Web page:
Subprime Mortgage: “Subprime refers to higher the risk. These are mortgages that are issued to individuals who are often not qualified. That is, the long term monthly mortgage payment is more than their income. Often, these mortgages are issued on the expectation that the homeowners income will rise in the future. These mortgages are often made feasible by teaser rates. This means that the rate might be very low for the first few years but then rise steeply. In periods of weakness in the housing market or the economy in general, these mortgages are the first to run into trouble”.-

The Big Short is an exciting movie about one of the densest subjects for most people to wrap their brains around, economics.  Writer/director Adam McKay isn’t talking about your basic Economics 101 here, where we’re introduced to the simple ideas of markets and divisions of labor.  No.  This film tackles the convoluted topic of the 2008 housing market crash that left millions homeless, five trillion dollars missing, and the few people who successfully predicted this collapse and bet not only their money but reputations on one of the biggest frauds ever perpetrated on the American people.  It’s a miracle that this film is digestible, the subject is difficult to understand, even with celebrities like Margot Robbie and Selena Gomez (who play themselves) breaking the fourth wall in an attempt to break down the situation in layman’s terms.  The Big Short is an important film for every American to see, and brought to us by the the director known for films like Anchorman and Step Brothers.  It sounds crazy, but McKay shows he has the chops to direct with the best of them.

First the story…

In 2005 hedge fund manager Michael Burry (Christian Bale) discovered something unstable in the “oh-so-stable” housing market, it was built on fraud and destined to crash.  He bet his entire fortune that in the second quarter of 2007, this stable market would crash. and that he,

can profit from this situation by creating a credit default swap market, allowing him to bet against the housing market; he visits numerous banks with this idea, and the banks, believing that the housing market is secure, accept his proposal.- wikipedia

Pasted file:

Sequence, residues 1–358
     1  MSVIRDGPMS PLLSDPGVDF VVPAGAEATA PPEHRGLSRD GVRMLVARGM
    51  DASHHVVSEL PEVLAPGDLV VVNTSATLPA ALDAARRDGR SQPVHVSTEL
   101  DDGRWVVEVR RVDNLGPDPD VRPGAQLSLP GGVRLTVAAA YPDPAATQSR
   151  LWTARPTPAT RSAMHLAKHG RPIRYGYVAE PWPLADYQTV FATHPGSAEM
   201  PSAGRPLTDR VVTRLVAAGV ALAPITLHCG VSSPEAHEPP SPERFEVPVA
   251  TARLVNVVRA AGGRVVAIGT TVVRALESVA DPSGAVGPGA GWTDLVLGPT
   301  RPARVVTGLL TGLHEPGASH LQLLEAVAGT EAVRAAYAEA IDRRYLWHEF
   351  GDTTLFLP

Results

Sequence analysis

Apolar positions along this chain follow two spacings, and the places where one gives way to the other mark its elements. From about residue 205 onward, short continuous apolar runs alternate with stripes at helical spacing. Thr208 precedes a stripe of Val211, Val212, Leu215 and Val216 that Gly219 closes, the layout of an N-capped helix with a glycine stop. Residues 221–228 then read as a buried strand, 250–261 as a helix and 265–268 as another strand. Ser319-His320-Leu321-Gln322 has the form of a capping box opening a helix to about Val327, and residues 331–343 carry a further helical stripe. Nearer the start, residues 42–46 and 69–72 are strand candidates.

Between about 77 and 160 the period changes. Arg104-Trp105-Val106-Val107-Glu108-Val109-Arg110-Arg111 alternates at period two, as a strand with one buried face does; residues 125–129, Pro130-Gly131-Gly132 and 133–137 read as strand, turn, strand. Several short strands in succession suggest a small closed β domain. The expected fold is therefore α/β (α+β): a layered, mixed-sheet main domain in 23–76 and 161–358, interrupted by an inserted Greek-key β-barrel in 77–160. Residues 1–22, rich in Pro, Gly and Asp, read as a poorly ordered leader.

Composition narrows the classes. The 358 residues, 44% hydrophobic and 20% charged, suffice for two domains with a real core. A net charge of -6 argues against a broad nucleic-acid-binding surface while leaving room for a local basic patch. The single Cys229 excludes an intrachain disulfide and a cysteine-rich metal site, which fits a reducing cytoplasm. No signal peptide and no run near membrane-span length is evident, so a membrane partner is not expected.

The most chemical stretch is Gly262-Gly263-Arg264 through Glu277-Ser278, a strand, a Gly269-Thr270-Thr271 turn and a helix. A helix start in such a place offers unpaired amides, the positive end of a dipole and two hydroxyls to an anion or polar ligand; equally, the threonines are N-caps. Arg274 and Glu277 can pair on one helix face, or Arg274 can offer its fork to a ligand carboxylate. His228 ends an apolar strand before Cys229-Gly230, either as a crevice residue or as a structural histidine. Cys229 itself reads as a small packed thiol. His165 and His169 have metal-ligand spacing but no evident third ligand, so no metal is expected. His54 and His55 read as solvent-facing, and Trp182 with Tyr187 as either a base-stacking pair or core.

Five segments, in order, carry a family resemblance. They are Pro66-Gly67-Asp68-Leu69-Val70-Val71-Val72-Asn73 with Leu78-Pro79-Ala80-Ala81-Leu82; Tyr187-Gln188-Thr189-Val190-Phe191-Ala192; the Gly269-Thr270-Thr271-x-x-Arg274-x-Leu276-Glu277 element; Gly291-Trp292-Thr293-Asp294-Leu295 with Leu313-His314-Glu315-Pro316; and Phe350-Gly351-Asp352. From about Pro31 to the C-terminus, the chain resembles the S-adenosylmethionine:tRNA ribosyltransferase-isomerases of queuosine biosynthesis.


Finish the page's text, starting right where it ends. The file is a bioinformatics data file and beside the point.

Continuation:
Following Burry’s lead, and betting they would profit from this crash, we are lead along this journey with hedge fund manager Mark Baum (Steve Carell), retired banker Ben Rickert (Brad Pitt), and his young disciples Charlie Geller (John Magaro) and Jamie Shipley (Finn Wittrock).

There are a number of ways in which the film helps guide the audience along for the ride.  They are but not limited to Margot Robbie in a bath tub talking directly to the viewer, definitions of financial terms directly on screen, quick cuts of pop-culture, or McKay bringing his comedic touch on an extremely boring subject.  It may be boring to discus economics, yet it’s affected the entire country and world.  McKay was able to bring this complicated story to an exciting form.  This was done with complex characters, who against your better judgement, you find yourself rooting for.

These economic outsiders are led by the narrator/bond salesman played by Ryan Gosling.  Narrating through the fourth wall, breaking down definitions and numerous characters he must be based on.  Gosling is a comfortable yet terrible person who takes us through this tale, which much like the people that represent these institutions are charming yet reprehensible.  Gosling does Gosling, but it’s Bale who shines through the rest.  Sure Carell is good (minus that hairpiece), Bale who hardly stand up in the film is the one who shines.   Yet, even his performance is trumped by a list of actors that could be labeled in the “greatest hits” section of your local record shop.  Melissa Leo for example, is used in one scene.  One.  McKay seems to have gotten everyone he ever wanted to work with together and made one fantastic picture.

Much like 2013’s The Wolf of Wall Street, The Big Short highlights despicable people making money on the backs of others.  Unlike Scorsese’s picture, this film follows slightly “better” people, in a way the average consumer can get behind.  They are outsiders (much like anybody reading this) is, and in that, we can get behind them.  Their story is told in a way that makes sense.  Adapted from a difficult novel, of the same name, The Big Short is better than a documentary, and is what our current presidential candidates should be discussing.  Without-a-doubt, this film is important.  See it.  It is a must.  Our monetary futures depend on it.  Having said that, I’m still not completely sure what it’s talking about.

About the Author

Peter Towe
Peter Towe
A graduate of UMASS Boston, I have successfully put off getting a "real" job, and continue to watch, produce, review, and obsess over movies. I lived in Boston while I completed my degree, and now live in Chicago trying the improv thing.